More than three-quarters of the UK’s power needs could be met by renewable sources by 2050, with ‘green hydrogen’ playing a key role in the country’s energy transition.
That is according to a new report from the trade association RenewableUK, which sets out a wide-ranging vision of how the UK’s energy system is set to change over the next three decades.
It outlines how a net-zero system would see low-cost wind energy capacity grow six-fold by 2050, attracting tens of billions in investment, alongside other renewable sources like solar and innovative floating wind and marine energy. In total, RenewableUK said that renewables could meet 76% of the UK’s power needs, with storage growing exponentially as batteries and other forms of storage scale up to ensure our power supplies remain balanced at all times.
The report also highlights “huge potential” for green hydrogen – hydrogen produced using renewable electricity – and explains how a mix of high renewable energy capacity and strong climate change policies mean that this is likely to become cost competitive in the UK faster than in other parts of the world.
“This is an incredibly exciting time for the energy sector,” said RenewableUK chief economist Marina Valls. “Renewable energy sources are penetrating the global energy markets faster than anyone expected, and generating power cheaper than fossil fuels sooner than anyone predicted. We’re entering an era of rapid technological change as we move closer towards total decarbonisation, using an even wider range of technologies such as renewable hydrogen alongside more wind, solar, battery storage and – crucially – people participating far more proactively in the way our modern energy system operates, making it more flexible.”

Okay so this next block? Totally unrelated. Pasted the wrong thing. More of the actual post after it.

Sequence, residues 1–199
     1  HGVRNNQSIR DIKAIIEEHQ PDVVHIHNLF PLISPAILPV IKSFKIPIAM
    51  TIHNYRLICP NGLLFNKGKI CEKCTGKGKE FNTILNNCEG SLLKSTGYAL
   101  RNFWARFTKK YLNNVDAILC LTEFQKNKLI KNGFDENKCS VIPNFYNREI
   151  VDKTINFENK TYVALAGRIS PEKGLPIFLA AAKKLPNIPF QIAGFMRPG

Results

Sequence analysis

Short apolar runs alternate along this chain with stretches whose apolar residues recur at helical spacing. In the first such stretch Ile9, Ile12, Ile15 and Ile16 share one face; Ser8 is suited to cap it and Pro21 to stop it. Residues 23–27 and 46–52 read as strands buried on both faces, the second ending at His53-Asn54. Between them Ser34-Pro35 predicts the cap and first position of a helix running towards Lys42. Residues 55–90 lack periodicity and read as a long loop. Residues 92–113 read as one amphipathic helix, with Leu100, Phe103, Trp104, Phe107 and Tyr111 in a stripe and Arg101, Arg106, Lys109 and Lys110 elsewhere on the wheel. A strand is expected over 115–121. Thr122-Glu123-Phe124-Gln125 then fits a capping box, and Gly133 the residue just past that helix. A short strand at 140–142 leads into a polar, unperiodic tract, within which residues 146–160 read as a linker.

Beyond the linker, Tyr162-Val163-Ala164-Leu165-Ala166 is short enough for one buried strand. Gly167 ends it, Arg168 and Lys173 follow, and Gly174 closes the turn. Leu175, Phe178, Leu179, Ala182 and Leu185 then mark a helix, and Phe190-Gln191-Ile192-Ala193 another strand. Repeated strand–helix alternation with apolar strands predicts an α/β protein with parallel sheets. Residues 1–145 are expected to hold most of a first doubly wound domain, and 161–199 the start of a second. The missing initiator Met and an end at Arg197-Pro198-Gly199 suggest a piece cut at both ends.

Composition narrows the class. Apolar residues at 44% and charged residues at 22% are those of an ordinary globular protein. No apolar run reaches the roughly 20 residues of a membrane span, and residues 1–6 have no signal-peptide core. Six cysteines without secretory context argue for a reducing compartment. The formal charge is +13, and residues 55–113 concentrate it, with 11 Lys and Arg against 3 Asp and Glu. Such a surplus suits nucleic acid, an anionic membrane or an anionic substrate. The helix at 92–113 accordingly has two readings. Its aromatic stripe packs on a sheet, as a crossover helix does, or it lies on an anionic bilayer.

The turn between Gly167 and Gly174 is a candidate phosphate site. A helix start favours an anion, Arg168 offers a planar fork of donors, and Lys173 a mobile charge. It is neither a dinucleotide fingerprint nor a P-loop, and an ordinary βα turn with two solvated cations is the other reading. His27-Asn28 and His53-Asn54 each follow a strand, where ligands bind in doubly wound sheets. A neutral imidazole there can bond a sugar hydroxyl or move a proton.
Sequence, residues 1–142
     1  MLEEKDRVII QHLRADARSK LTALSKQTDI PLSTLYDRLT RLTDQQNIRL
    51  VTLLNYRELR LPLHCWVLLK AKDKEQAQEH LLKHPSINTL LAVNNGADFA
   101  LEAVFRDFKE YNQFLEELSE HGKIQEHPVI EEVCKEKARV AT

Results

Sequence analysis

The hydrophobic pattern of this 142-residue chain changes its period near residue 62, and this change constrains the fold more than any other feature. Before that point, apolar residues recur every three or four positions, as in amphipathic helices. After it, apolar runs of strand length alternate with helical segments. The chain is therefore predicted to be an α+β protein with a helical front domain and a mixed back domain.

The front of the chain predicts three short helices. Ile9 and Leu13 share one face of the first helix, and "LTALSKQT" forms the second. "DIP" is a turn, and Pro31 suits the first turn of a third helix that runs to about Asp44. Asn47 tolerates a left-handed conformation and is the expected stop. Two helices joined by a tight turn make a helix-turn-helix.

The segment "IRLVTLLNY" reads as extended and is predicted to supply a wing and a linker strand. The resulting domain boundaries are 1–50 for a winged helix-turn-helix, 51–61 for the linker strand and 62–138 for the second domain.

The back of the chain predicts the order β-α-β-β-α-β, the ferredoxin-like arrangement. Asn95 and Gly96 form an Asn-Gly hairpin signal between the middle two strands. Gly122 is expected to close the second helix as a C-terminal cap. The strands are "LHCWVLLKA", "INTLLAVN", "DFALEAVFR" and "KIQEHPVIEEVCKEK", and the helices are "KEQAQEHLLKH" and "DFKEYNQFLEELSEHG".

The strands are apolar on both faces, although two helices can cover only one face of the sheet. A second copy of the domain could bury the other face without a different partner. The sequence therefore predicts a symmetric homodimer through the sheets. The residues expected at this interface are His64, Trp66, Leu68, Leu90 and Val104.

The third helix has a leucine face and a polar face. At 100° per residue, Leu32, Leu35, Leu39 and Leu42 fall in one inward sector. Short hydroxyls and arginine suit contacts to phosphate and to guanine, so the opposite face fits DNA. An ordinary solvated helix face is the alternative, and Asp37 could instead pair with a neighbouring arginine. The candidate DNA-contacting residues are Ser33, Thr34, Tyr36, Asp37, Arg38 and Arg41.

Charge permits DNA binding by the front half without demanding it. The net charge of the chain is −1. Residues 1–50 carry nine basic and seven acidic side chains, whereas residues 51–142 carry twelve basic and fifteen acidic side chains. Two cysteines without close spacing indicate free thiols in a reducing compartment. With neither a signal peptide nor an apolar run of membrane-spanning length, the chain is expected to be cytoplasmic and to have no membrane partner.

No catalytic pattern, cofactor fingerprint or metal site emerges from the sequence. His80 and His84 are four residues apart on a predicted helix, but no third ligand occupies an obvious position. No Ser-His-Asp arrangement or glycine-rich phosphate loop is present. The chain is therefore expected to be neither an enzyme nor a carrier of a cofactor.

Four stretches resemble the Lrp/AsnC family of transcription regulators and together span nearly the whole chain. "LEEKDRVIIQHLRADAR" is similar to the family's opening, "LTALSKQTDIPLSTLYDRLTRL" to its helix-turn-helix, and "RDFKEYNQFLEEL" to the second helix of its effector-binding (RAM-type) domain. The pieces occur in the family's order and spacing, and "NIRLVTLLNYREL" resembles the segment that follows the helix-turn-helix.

With the right policies in place, RenewableUK’s modelling found that Britain’s offshore wind industry can attract £54bn in private investment to quadruple capacity to 40 gigawatts (GW) by 2030 which will provide more than one-third of the country’s electricity, and grow further to 90GW by 2050. Additional growth of onshore wind to 26GW by 2030 means the UK’s overall wind capacity can grow to 66GW by the end of this decade, providing more than half the UK’s power. The report sets out a series of recommendations to government, such as holding annual auctions for contracts for large-scale renewable generators to provide low-cost power, rather than every two years, and targeting support specifically at innovative technologies.
“Our members are delivering innovative, low-cost, practical solutions in the battle against climate change which remains a long-term threat to our way of life,” Valls continued. “In the world we are trying to build, the transition to a modern energy system ultimately means two things: reduced emissions and reduced energy bills for households.”
Source – IEMA